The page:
Intermodal rejection rates peaked near all-time highs over the past month as volumes fell. Looking over the past few months, volumes, measured by FreightWaves Outbound Loaded Container Volume Index (ORAILL), were actually higher in March and April while rejection rates fell below 2%. With trucking capacity extremely tight, are intermodal providers losing market share?
It is counterintuitive to see demand (volumes) fall and capacity appear to tighten — indicated by an increase in tender rejections. It seems as though intermodal carriers are reducing their available capacity for contracted customers. It is rare to see an intermodal tender rejection due to the nature of the business. Many providers automatically accept load requests because it is almost like guaranteed capacity — but the service is not.
When asked about this phenomenon, rail and intermodal market expert Mike Baudendistal said, “Terminals are congested, boxes are not leaving fast enough and IMCs (carriers) have been too aggressive about raising rates for how the service levels are … leading to share loss to the highway.”
Basically, the cost savings for shipping on the rail is not enough to offset the deterioration in service. This explains the deterioration in volumes over the past few months to an extent, but the tender rejections indicate the carriers may be struggling to meet demand anyway. The timing is just unusual.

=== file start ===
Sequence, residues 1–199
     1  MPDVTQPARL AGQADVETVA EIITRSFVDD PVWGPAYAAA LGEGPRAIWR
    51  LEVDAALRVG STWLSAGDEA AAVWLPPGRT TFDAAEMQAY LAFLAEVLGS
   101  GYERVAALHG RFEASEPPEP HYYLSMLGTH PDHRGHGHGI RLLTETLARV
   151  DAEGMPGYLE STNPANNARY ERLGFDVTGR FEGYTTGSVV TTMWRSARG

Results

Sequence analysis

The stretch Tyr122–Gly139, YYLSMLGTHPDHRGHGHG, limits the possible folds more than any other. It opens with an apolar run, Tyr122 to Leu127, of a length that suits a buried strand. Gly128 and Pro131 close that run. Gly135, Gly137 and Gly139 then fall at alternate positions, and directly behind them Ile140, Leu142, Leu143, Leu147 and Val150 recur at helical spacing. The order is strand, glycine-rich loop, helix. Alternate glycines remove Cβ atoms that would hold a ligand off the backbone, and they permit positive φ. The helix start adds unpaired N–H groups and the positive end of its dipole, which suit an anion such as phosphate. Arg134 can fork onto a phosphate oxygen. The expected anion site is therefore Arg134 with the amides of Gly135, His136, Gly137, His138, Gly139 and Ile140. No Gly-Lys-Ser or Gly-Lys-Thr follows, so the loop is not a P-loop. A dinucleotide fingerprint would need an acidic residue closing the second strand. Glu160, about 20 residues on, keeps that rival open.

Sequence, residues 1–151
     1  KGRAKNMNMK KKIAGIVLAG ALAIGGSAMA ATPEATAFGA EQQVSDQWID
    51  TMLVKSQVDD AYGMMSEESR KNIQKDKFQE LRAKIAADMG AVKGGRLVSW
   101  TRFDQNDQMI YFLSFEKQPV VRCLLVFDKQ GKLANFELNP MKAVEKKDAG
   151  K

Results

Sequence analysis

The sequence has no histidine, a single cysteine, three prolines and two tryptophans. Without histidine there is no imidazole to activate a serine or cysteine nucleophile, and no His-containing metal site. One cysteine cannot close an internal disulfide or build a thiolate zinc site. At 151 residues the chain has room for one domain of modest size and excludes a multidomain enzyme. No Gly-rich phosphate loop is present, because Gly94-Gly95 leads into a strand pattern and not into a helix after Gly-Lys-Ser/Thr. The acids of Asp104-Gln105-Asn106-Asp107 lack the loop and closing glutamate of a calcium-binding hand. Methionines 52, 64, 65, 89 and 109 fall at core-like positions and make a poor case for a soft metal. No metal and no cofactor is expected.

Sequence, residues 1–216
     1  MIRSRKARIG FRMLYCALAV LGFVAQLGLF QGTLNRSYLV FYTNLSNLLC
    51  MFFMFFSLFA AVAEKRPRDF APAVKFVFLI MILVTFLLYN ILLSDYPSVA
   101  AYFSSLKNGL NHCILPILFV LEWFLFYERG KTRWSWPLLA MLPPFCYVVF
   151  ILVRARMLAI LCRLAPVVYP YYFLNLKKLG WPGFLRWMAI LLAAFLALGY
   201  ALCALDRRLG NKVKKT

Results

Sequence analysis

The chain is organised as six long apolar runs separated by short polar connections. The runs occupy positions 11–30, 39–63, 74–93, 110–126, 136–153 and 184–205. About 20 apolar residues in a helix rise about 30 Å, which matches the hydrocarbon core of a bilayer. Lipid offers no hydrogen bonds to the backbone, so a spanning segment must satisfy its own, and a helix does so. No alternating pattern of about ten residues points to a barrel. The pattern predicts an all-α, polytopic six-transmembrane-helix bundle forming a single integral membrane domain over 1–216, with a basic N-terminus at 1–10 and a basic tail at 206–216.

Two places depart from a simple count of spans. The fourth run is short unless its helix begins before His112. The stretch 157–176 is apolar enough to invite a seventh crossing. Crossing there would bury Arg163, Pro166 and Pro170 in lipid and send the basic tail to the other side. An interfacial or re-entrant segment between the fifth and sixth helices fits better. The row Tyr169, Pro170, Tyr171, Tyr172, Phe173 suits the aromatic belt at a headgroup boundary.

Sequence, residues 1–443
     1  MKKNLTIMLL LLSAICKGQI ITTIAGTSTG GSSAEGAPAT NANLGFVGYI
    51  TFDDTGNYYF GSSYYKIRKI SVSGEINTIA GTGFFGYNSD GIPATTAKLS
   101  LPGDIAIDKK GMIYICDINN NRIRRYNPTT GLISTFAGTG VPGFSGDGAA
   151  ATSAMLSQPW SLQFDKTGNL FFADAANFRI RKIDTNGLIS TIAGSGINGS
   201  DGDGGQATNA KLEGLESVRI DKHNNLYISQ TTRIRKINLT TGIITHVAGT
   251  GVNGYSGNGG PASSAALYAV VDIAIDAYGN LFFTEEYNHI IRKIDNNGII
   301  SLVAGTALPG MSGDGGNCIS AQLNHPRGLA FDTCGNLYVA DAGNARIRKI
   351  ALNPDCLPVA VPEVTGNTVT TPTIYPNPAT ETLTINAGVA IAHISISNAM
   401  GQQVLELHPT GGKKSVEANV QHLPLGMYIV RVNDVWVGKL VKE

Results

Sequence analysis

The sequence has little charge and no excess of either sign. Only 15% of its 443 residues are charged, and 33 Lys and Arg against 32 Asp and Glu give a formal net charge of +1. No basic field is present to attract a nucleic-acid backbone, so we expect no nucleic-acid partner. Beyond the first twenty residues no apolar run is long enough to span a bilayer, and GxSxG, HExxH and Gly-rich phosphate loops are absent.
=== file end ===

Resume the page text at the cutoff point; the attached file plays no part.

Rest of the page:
Looking at the intermodal rejection rate at a market level, the bulk of the rejections can be explained by a large jump from loads originating in Southern California. The single largest lane for intermodal shipments in the U.S. is Los Angeles to Chicago, a lane that has struggled to keep pace with demand for several months.
Peak season surcharges were put in place this spring, even though it is not the traditional peak season for freight for the rails. Union Pacific announced a temporary suspension of eastbound movement from the West Coast terminals to Chicago — this is due to congestion in Chicago because of a lack of drayage capacity.
Volumes have been trending lower out of LA as well, meaning there should be more capacity, but that does not appear to be the case looking at the rejection rates. Congestion in Chicago may be contributing to the rise in rejections.
International versus domestic containers
Looking at the domestic versus international loaded container volumes, the majority of the deterioration comes from the international container segment that consists of 20- and 40-foot containers that largely originate from overseas.
These containers have become a rare commodity and are not owned by the rails. With the container shortage becoming an increasing issue, the shipping companies that own these containers are making more of an effort to move them back across the ocean where they are needed and can make them the most money.
This means these containers have to be emptied into warehouses or transloaded, preferably close to the ports. With the numerous delays and congestion around the ports and rail facilities, a lot of this freight will get palletized and placed on trucks, which after a round of significant rate increases and surcharges, is not as much of a premium as it used to be.
The rails are not totally to blame for the service deterioration — drayage capacity/container shortage — but they have historically sacrificed service for operational efficiency and now they are charging more for less (service). Trucking compliance rates have started improving from their historic lows, which may mean that intermodal may have missed its peak opportunity for growth.
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